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Logo of nihpaAbout Author manuscriptsSubmit a manuscriptHHS Public Access; Author Manuscript; Accepted for publication in peer reviewed journal;
Curr Alzheimer Res. Author manuscript; available in PMC 2009 September 26.
Published in final edited form as:
PMCID: PMC2752625

Brain MRI, Apoliprotein E Genotype, and Plasma Homocysteine in American Indian Alzheimer Disease Patients and Indian Controls


We obtained brain MRIs, plasma homocysteine levels and apolipoprotein E genotyping for 11 American Indian Alzheimer disease (AD) subjects and 10 Indian controls. We calculated white matter hyperintensity volume (WMHV), whole brain volume (WBV), and ratio of white matter hyperintensity volume to whole brain volume (WMHV/WBV). There were no significant differences between AD subjects and controls in gender, history of hypertension, diabetes, or history of high cholesterol, but hypertension and diabetes were more common among AD subjects. There was no difference between AD and control groups in age (range for all subjects was 61–89 years), % Indian heritage, waist size or body mass index. Median Indian heritage was 50% or greater in both groups. Range of education was 5–13 years in the AD group and 12–16 years in controls. Median plasma homocysteine concentration was higher in AD subjects (11 μmol/L vs. 9.8 μmol/L), but did not achieve statistical significance. Significantly more AD subjects had apolipoprotein Eε4 alleles than did controls (63% vs.10%). Neuroimaging findings were not significantly different between the 2 groups, but AD subjects had greater WMHV (median 15.64 vs. 5.52 cc) and greater WMHV/WBV ratio (median 1.63 vs. 0.65 %) and a far greater range of WMHV. In combined AD subjects and controls, WBV correlated with BMI and age. WMHV and WMHV/WBV correlated inversely with MMSE scores (p = 0.001, 0.002, respectively). In addition, WMHV correlated positively with % Indian heritage (p = 0.047).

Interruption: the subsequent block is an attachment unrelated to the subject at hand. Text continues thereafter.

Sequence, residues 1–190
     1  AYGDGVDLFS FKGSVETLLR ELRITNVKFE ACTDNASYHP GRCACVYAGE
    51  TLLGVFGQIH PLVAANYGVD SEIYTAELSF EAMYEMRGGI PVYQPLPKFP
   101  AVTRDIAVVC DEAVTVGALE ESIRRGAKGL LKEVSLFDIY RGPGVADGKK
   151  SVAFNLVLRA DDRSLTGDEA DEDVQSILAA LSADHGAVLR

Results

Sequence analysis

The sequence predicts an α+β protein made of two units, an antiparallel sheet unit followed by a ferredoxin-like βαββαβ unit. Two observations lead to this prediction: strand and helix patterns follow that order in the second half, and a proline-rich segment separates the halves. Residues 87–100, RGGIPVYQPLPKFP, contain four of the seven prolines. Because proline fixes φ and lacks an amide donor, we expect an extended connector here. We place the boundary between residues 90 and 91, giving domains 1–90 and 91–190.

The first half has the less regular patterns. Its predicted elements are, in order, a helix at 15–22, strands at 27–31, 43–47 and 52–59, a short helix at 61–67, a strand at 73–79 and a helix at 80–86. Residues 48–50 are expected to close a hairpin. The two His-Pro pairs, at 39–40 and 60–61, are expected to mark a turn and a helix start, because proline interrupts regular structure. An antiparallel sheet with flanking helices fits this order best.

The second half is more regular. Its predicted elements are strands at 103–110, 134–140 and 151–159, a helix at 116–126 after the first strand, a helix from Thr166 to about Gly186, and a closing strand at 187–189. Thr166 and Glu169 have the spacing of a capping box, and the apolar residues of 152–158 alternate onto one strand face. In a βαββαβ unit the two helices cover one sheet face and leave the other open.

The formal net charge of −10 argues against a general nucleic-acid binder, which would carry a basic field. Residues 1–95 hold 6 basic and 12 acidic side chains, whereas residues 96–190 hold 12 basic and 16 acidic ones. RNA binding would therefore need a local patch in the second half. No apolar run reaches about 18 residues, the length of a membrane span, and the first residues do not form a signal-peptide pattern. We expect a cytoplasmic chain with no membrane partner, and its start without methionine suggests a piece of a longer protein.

Keywords: Alzheimer disease, American Indian, white matter hyperintensities, homocysteine, apolipoprotein E


The findings of many investigators suggest that cerebral vascular pathology may synergize with Alzheimer disease (AD) pathology, leading to earlier onset of clinical dementia symptoms and more severe dementia than would have been produced by the AD pathology alone. For example, [1] found that among 61 prospectively followed persons with autopsy confirmed AD, individuals with brain infarcts had poorer cognitive function and a higher prevalence of dementia than those without infarcts. In a comparison of 72 subjects with autopsy proven AD with 32 subjects who evidenced AD pathology and cerebral infarcts or lacunes, the subjects with vascular lesions had more severe dementia despite essentially no difference in semiquantitative measures of plaques and tangles [2,3] found that persons diagnosed clinically with AD who also met NINDS-AIREN neuroimaging criteria for vascular dementia [4] had more rapid clinical progression than did subjects diagnosed with AD alone.

There is also evidence that lesser degrees of vascular pathology may also be important. In a histological examination of 7 brains following postmortem MRI, subcortical WMH were associated with arteriosclerosis, dilated perivascular spaces and vascular ectasia with occasional gliosis and small areas of infarction [5]. A pathological study of WMH in 11 elderly subjects suggested that punctate, early confluent and confluent WMH reflected ischemic damage ranging from mild perivascular alterations to large areas with variable loss of fibers, multiple small cavitations and marked arteriolosclerosis and that irregular periventricular WMH were characterized by microcystic infarcts and patchy myelin rarefication. Hyperintense periventricular caps and a smooth halo were areas of demyelination with subependymal gliosis and breaks in the ependymal lining [6]. Other pathological studies confirm the association of WMH with cerebrovascular disease but also find WMH attributable to non-vascular causes [7, 8].